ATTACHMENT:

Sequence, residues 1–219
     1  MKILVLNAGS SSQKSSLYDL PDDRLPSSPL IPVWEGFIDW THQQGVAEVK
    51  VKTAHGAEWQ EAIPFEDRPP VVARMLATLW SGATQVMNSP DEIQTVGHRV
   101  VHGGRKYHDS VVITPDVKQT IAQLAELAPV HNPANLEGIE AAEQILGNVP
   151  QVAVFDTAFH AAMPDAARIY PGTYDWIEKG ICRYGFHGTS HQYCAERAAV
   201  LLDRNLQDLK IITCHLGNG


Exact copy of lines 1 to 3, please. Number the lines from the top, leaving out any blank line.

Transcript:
Sequence, residues 1–219
     1  MKILVLNAGS SSQKSSLYDL PDDRLPSSPL IPVWEGFIDW THQQGVAEVK
    51  VKTAHGAEWQ EAIPFEDRPP VVARMLATLW SGATQVMNSP DEIQTVGHRV